Lucas ran in, his face red with exertion and his feet sandy and muddy, and in his hand laid a large aloe leaf, fleshy and full. Annabelle lay Marina down on the mattress and took the leaf from Lucas, squeezing out the essence of the plant into a shelled coconut. She rubbed the essence gently on Marina’s forehead, and slowly Marina fell asleep.
“Lucas, lets pack, we’re leaving,” said Annabelle firmly, “we need to find a home, or someone that can help us.”
Lucas stuttered “W-w-w-why? We’ve been doing it for 2 months now!”
“Lucas,” Annabelle spoke in a motherly tone, “we can’t live like this forever. We have got to find a family to live with, a home to stay in, where we can live in peace.”
Lucas said no more, his unruly black curls falling over his face as he bent down to pick up his belongings and put them into the small duffel bag they owned. Annabelle scooped up the sleeping Marina and cradled her in the crook of one arm, holding the duffel in the other. Lucas picked up a match, struck it and threw it into the hut, running away as the flames licked the sand. So the children walked into the woods, not looking back once at what was their home.
Annabelle woke up in a strange place, her head resting on an uncomfortable pile of newspapers. Suddenly the memories came flooding back to her. She had left her hut and found an empty apartment building with peeling walls and broken doors and decided to let her family sleep here. Lucas snored gently on the broken sofa and Marina was curled up at his feet, drool running out of the side of her mouth.
Slowly Annabelle got up, stretching her aching body. She took out some soap from the duffel and used a small amount of the water they had to clean herself up. She woke Lucas and Marina gently and cleaned them up as well, and in the next 10 minutes, the children were out into the sunlight of Port Elizabeth. The children walked around the town and stopped at a telephone booth to check the yellow pages. They searched for an adoption center and found one, hidden way at the back of the book. The children were unfamiliar with the central of Port Elizabeth and they no money and no map, so they memorized the address and began to walk.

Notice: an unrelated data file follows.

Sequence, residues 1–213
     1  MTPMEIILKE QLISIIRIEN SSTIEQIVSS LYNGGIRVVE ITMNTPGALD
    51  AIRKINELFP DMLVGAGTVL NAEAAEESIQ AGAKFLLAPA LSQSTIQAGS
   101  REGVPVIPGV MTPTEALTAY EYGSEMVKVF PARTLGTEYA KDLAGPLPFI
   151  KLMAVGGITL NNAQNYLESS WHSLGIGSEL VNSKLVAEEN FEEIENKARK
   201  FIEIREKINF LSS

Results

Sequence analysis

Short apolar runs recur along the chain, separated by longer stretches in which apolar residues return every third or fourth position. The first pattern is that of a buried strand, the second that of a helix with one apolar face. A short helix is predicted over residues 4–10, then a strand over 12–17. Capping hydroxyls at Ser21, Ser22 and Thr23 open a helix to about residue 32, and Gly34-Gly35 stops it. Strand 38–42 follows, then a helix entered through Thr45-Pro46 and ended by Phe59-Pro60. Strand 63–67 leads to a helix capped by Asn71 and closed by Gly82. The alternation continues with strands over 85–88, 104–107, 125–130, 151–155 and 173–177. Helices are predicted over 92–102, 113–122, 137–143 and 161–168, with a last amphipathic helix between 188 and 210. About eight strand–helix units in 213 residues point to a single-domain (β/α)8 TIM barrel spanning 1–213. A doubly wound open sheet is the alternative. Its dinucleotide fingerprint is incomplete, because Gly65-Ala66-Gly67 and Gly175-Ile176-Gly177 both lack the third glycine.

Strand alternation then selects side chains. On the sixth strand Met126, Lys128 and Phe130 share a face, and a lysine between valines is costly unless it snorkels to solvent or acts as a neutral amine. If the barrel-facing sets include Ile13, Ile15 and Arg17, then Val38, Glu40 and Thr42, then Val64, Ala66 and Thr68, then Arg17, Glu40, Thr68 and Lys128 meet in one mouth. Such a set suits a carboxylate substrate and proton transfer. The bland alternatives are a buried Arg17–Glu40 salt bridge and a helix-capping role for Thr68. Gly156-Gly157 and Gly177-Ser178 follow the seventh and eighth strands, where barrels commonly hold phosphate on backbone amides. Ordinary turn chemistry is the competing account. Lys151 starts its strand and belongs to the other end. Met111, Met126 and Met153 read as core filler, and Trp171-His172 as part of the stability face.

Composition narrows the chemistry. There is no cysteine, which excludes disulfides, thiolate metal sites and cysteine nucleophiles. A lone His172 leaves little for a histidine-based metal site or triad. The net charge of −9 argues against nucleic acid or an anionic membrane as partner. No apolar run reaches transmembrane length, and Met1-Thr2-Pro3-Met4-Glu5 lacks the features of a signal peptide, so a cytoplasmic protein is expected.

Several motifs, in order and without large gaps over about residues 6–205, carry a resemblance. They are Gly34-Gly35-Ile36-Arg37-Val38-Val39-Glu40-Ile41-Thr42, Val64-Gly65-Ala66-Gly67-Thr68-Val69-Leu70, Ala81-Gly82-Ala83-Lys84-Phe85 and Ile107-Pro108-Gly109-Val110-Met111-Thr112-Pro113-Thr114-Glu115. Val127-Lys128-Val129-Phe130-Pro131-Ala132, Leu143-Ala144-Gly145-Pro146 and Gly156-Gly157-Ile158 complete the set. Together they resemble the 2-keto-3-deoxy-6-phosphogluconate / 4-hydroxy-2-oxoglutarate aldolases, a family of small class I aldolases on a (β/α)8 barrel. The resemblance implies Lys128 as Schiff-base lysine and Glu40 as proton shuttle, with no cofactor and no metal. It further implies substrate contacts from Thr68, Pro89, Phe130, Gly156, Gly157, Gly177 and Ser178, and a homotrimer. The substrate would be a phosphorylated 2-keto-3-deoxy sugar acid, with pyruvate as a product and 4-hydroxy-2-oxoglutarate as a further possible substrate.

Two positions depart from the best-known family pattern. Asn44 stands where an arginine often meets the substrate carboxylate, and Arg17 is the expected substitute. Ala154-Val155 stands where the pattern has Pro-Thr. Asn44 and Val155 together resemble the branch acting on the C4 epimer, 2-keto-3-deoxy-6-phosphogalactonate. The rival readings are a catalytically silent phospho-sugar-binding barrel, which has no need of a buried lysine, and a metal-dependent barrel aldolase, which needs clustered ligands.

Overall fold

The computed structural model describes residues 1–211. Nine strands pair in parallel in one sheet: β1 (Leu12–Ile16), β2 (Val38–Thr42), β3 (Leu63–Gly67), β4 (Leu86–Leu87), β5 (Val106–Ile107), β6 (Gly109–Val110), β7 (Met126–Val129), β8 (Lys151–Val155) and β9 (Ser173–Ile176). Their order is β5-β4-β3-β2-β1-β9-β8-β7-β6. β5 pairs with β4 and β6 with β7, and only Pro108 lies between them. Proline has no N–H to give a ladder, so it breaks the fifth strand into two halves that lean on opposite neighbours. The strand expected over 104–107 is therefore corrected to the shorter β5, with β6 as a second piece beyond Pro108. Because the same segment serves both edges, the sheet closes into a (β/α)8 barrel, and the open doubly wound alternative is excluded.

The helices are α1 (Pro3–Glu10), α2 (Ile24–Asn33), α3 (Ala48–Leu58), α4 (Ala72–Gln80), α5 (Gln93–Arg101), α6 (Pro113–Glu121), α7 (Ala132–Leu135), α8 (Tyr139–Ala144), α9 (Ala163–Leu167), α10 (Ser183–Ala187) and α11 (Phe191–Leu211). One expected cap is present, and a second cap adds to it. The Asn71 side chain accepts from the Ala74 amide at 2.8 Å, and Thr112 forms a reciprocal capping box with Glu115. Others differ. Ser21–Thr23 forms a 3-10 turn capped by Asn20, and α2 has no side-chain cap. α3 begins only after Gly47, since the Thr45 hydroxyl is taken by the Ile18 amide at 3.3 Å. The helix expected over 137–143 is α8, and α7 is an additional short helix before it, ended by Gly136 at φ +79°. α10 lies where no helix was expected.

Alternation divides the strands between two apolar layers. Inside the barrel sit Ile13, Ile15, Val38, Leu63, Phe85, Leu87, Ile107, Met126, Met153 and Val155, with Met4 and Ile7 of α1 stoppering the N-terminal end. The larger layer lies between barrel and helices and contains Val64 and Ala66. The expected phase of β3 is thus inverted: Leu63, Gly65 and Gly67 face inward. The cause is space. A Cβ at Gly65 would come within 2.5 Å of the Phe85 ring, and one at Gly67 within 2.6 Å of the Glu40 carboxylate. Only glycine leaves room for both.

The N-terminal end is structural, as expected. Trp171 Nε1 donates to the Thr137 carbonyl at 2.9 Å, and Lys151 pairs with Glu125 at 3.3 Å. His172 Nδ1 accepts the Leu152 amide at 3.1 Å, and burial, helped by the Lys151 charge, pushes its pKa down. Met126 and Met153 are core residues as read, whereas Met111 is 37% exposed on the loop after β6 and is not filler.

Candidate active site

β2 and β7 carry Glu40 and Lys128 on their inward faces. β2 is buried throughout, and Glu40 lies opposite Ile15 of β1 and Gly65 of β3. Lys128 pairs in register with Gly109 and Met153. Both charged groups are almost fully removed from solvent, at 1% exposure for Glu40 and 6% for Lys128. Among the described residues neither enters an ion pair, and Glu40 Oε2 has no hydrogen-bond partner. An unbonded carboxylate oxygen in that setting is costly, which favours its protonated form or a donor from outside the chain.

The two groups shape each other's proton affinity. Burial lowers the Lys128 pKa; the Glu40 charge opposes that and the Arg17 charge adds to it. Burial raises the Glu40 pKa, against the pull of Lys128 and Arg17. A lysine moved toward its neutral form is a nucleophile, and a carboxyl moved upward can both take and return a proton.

Underneath the searing heat, the children walked on, every step heavier than the last. Their faces glistened with sweat as they past street sign after street sign, none of them being the one they wanted.
“Can we stop now?” Lucas asked. His posture was slumped as he said it, exhausted from the long day they had.
Annabelle looked at her family. Their eyes were heavy with sleep and their expressions drooped with exhaustion. After a long moment she said “Yes.”
As the moon appeared in the star speckled sky, the children trudged along the sidewalk, searching for a place to spend the night. Marina was asleep on Annabelle’s shoulder and the family was about to stop to sleep in an alley when they heard a familiar voice. Everyone froze at the corner, listening carefully to the ordeal down the street.
“No! I won’t let you go! I own you remember, I have every right to do whatever I want with you! Don’t forget I’ve got a gun and I’m not afraid to use it!” The voice was full of venom and when the children looked out, they saw a tall, broad figure holding a small revolver. A young woman was crumpled near the gutter, her dress torn and her arm bleeding perpetually.
“You don’t own me! Just let me go and I won’t cause you any trouble!” the woman spoke her words between sobs, her voice full of pain. She opened her mouth to say more, but then they heard a gunshot and the woman fell to the ground, her head landing in the gutter with a thud. The man threw his gun at the feet of the woman and wiped his hands on his worn jeans as he walked back through the door of his home.
Suddenly, Annabelle knew who that voice belonged to. She shuddered as she recalled the cruel voice, the hands, the face that had tried to take her sister’s life. The voice belonged to her father.